Thursday, June 7, 2012

In defense of Hosni Mubarak

Now that I’ve caught your attention, let me hasten to add that I have no intention of defending Egypt’s former president. The old despot was corrupt and thoroughly deplorable. For decades, Mubarak turned his security services against his own population. His legacy, in most respects, was one prolonged serving of national cretinism.

And yet, when we compare Mubarak or his equally sinister onetime counterpart from Tunisia, Zine al-Abidine Ben Ali, with the likes of Bashar Assad and Moammar Gadhafi, there are differences. It may be useful to examine these differences more closely to see if they can be of benefit as Arab societies strive to reimpose civil structures on what had been (and in some cases still are) authoritarian orders.

Mubarak and Ben Ali were thugs, but they were not mass murderers. The Egyptian president stepped down before unleashing – or more likely because he was incapable of unleashing – the army against protesters in January 2011. Ben Ali took to the clouds, his stolen goods firmly in hand. Both were undeniably responsible for the deaths of innocents, and Mubarak’s conviction last week was nothing if not fair; but they did not butcher their populations and provoke civil wars to stay in office in the same way that Gadhafi did and Assad is doing.

Why is that? Most probably because of the fact that Egypt and Tunisia are traditionally countries of institutions, where the structures of state and society, for all their myriad shortcomings, extend beyond the supreme leader and his clan. Many of these institutions were co-opted by Mubarak and Ben Ali, discredited, intimidated and manipulated; but they also had a prior life of their own, an institutional memory, that the persecutor in chief could never entirely overcome.

When Mubarak sought to install his son Gamal as his successor, something in the Egyptian psyche snapped. This was an ambition too far, reckless hubris by a man who, ultimately, was a mere byproduct of the system, yet who somehow imagined that his 30-year reign entitled him to bend Egypt to his personal preferences.

As protesters took to the streets, Mubarak became a liability to the corporate interests of the military, which had much to lose by protecting the president. It was the army that gave Mubarak the final push, to preserve its stake in the system. There was nothing altruistic about this, even as Egypt’s complex institutional edifice meant that a full-scale massacre was never in the cards. Mubarak was expendable.

If we imagine a continuum of authoritarian systems, they tend to be defined by two extremities. At one extremity are systems where the absolute reference when it comes to the law, or what passes for law, is the leader. At the other are systems built on a scaffolding of regulations and state bodies lending legitimacy to repression. Most authoritarian leaderships combine the two: There are domains controlled by the leader, but there are also those where a judicial veneer is in place to stifle dissent, but also to avoid the inevitable resort to force.

For a long time Syria was such a place. In order to perpetuate his own rule and that of his minority Alawite community, the late Hafez Assad adopted multiple layers of behavior, bureaucracy and ideology to bolster his regime. Arab nationalism, in the guise of Baathism, was there partly to detract from the minority status of the leadership, and to act as an instrument to co-opt large swathes of Syrian society. The conflict with Israel bought the Syrian president Arab credibility and funding, while Syria’s hegemony over Lebanon earned it regional leverage. Syrian prisons were full, but when offered a choice between violence and negotiations to resolve his problems, Assad usually preferred the latter – albeit negotiations destined to assert his will.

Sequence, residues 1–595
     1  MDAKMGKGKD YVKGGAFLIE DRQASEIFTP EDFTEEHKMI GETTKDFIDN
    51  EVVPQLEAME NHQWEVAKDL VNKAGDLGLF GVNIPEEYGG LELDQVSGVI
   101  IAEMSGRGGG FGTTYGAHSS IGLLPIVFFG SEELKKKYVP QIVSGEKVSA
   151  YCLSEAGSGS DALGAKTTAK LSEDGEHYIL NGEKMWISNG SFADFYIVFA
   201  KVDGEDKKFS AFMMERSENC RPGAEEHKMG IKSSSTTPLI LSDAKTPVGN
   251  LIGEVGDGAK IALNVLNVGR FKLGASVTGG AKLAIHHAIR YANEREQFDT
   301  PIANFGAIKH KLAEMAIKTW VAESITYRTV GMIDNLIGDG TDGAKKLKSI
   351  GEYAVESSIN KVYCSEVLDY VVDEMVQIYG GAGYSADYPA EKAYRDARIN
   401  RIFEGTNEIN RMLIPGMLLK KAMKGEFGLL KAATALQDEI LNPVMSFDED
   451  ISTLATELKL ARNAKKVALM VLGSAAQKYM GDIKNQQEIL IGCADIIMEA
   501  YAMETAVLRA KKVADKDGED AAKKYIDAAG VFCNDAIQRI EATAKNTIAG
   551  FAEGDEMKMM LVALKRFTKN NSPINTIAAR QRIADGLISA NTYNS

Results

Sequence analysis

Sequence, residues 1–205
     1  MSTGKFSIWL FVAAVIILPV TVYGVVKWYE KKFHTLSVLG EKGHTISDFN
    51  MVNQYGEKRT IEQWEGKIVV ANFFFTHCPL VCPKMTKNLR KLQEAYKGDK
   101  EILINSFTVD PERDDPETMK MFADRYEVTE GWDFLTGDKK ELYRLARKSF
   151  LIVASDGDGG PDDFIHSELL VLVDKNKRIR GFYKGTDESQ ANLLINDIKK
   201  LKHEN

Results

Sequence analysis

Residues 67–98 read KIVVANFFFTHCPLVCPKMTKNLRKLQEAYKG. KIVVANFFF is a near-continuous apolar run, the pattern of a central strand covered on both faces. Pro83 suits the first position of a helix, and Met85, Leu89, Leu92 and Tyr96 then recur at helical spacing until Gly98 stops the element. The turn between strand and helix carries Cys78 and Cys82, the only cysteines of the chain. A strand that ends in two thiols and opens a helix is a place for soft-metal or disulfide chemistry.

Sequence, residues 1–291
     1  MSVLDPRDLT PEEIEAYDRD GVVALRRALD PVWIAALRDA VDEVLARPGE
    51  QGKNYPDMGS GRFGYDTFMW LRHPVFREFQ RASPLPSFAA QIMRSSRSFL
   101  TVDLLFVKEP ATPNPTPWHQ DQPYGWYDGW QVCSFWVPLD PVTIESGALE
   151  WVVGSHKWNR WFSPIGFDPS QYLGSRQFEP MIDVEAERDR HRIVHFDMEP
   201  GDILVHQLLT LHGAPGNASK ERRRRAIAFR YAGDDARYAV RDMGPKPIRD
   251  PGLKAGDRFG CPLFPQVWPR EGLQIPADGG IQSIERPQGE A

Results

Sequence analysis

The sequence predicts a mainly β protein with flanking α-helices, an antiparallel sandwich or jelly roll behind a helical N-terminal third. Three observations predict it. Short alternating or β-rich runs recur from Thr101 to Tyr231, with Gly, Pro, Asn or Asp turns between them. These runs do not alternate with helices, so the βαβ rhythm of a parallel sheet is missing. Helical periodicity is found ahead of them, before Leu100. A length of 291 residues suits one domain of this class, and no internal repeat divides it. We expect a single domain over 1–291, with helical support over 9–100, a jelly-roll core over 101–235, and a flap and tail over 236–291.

And yet there was never any doubt who was the final arbiter on most issues. Syrian institutions had no latitude to question Assad. The army and security apparatus was there to defend the Assads and their political-military clique, not Syrian society. Outside the reach of the ruling family there was virtually no autonomous political space.

Bashar Assad’s mistake was to make this increasingly apparent over the years, even as he alienated his young and impoverished society in other ways. The worst thing a despot can do is to highlight the absoluteness of his supremacy over humiliated subjects. For instance, in Deraa, rather than seek a peaceful solution occasioned by his cousin Atef Najib’s arrest of protesting children, Assad went for his guns. Moammar Gadhafi, similarly, transformed Libya into an extension, a plaything, of his demented, kleptocratic family. When Benghazi rose, his reflex was to threaten carnage. For Gadhafi and Assad, anything short of total submission was existentially dangerous.

Does this tell us something useful about places such as Egypt or Tunisia? To an extent yes, because it affirms that even in degraded political systems, it is yet beneficial to have time-tested institutions in place that can mediate between society and the leadership. Mubarak’s control over the army and judiciary often seemed unlimited, but in retrospect the reality was more complicated. When he departed, both had to face pressures and dynamics imposed on them by society, to which they simply could not respond with unqualified suppression.

The struggle against authoritarianism will be a long one, but civil societies in the Arab world must focus on creating spaces of institutional independence in order to safeguard their liberty. That’s easier said than done, but revolutionary moments allow for such aspirations. There is nothing to regret in Mubarak and Ben Ali. However, they left behind systems easier to reform than Libya’s and Syria’s, and enough survivors for this to happen more serenely.

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